When prions are transferred from one species to another—like from sheep and cows to mice in the laboratory or to humans in the case of the fatally neurodegenerative variant Creutzfeldt-Jakob disease—new forms of the infectious proteins can emerge over time that make them deadly to the new host. A new study examines the emergence and persistence of prion mutations, which allow prions to grow in infected cells in the presence of anti-prion compounds.

In the classic sense, prions, which are misfolded versions of the brain protein PrP, cannot mutate because they do not contain DNA or RNA. They can, however, give rise to variants with different properties, possibly due to differences in the folding, or shape, of the proteins. In the study, published December 31 in Science Express, researchers estimated the rate at which prion mutants can appear in cultured human nerve cells. In addition, the study suggests that once variants appear, they persist at low levels, giving rise to a heterogeneous prion population.

"On the face of it, you have exactly the same process of mutation and adaptive change in prions as you see in viruses," said Dr. Charles Weissmann in a prepared statement. Weissmann, who is the head of the Scripps Florida Department of Infectology in Jupiter, Fla., led the study.

To track prion mutation, Weissmann's team mixed one prion-infected human nerve cell with 1,000 uninfected human nerve cells in each petri dish. The infected cell contained a single prion that was susceptible to a drug called swainsonine, or swa. Then the team let the cells grow in the presence of swa. Because the team knew that each dish started with a single, swa-sensitive prion, the researchers knew that any additional prion-positive cells would mean that swa-resistant strains had developed that got released from the infected cells and spread to other cells in the dish. Based on the number of times the cells divided and the number of prion-positive cells in the dish, the group could roughly estimate how quickly prions became swa-resistant.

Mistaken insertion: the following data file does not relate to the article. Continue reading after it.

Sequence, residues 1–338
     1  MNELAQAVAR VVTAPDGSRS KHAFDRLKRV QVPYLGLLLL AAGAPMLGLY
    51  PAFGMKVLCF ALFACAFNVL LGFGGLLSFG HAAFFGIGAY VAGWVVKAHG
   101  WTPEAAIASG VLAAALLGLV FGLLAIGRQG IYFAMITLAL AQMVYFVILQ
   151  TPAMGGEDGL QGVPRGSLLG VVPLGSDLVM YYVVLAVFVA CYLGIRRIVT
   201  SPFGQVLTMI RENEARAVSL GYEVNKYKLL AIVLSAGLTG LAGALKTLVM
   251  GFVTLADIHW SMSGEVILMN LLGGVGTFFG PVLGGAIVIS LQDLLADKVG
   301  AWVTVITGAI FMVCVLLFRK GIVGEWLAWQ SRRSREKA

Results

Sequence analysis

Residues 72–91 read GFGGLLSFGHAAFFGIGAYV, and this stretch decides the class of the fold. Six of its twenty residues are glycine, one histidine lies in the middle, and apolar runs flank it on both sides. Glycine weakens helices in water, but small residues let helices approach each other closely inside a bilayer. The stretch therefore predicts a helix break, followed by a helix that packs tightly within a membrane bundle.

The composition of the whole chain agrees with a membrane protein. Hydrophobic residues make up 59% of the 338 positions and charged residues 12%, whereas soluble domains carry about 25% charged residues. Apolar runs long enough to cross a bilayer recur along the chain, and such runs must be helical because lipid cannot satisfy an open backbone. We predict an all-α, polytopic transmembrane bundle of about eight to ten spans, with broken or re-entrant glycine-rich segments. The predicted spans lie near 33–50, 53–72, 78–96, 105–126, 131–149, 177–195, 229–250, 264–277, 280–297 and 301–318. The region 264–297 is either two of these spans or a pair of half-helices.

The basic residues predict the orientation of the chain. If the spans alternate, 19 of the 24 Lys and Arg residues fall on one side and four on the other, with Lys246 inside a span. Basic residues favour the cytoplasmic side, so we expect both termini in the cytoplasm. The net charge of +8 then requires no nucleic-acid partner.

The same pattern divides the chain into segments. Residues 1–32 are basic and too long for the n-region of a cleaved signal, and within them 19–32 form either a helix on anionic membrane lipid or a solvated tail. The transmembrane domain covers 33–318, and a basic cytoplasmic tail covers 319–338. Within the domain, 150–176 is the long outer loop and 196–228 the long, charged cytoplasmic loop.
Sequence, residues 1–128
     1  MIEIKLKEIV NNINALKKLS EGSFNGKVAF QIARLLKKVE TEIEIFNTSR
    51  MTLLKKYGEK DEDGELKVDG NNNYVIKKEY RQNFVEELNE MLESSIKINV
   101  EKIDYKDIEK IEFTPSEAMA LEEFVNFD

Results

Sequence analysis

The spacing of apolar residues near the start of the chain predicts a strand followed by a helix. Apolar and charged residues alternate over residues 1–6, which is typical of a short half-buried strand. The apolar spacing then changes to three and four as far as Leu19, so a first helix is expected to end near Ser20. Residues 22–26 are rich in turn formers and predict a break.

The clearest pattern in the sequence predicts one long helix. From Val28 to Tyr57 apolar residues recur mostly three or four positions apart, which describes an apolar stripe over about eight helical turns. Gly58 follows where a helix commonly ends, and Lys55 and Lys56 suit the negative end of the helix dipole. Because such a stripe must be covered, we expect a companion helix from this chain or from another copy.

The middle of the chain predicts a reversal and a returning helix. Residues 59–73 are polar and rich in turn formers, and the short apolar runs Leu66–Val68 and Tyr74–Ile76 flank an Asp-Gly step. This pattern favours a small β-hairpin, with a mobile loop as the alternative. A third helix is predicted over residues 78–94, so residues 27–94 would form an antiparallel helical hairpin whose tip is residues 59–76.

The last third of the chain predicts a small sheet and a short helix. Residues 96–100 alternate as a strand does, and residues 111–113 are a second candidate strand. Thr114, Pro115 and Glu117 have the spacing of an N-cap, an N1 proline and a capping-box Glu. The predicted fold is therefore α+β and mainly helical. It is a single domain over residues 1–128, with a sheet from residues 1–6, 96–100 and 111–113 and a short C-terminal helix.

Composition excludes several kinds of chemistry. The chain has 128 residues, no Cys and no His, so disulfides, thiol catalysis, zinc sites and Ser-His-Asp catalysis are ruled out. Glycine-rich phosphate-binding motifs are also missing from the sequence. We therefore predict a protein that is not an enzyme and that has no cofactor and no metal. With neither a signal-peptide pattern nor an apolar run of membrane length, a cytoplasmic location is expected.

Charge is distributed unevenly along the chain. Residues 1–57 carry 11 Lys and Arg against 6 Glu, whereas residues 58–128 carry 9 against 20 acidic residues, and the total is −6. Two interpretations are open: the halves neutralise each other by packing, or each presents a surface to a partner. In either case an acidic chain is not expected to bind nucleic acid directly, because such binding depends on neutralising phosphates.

The researchers began to see new prion-infected cells after leaving the swa-sensitive prion in the drug for 22 cell divisions, which took about 22 days. In other petri dishes, drug resistant strains did not emerge until the cells had doubled over 50 times, or for 50 days. From these results, Weissmann's team approximated that one swa-resistant prion will emerge for every one million new prions that are formed.

The researchers pointed out that traits other than swa-resistance could be selected for in a population, and that the mutation rate they estimated only reflects new prion strains that acquired swa-resistance. "The overall mutation rate could be even greater and the prion population more diverse, comprising a multiplicity of 'substrains,'" the authors wrote.

Weissmann and his collaborators found that, similar to how viruses respond after antiviral drug treatment is stopped, prions reacquire drug susceptibility in the absence of swa. When the researchers removed swa from the medium in which prion-infected cells were grown, they found that the cells began to secrete swa-sensitive, instead of swa-resistant strains, after the cells had divided about 10 times. It is unclear if these susceptible variants came from newly formed prions or if they had been present in low levels during cell growth in swa medium. Nonetheless, even after about a month of growing cells in the absence of swa, the group found that 0.5 percent of prions remained drug resistant, indicating that this resistant variant could persist as a minority species in the population.

The fact that new prion "substrains" can appear and spread among cells in just a couple dozen cell divisions suggests that drug-resistance could easily develop in the lifetime of the host, from mouse to man. As a result, therapeutic attempts to inhibit the prion form of PrP are "likely to be thwarted," the authors wrote. A more promising approach, they suggest, would be to stabilize or reduce the expression of the normal form of PrP. Earlier studies by Weissmann and his collaborators showed that mice genetically engineered to lack the PrP gene were healthy, suggesting that the protein is not essential, at least for these animals. Different groups are pursuing the possibility of silencing the PrP gene or using antibodies that bind normal PrP protein as a treatment for prion disease.

Image of brain tissue showing neuron loss from variant Creutzfeldt-Jakob disease courtesy of  the CDC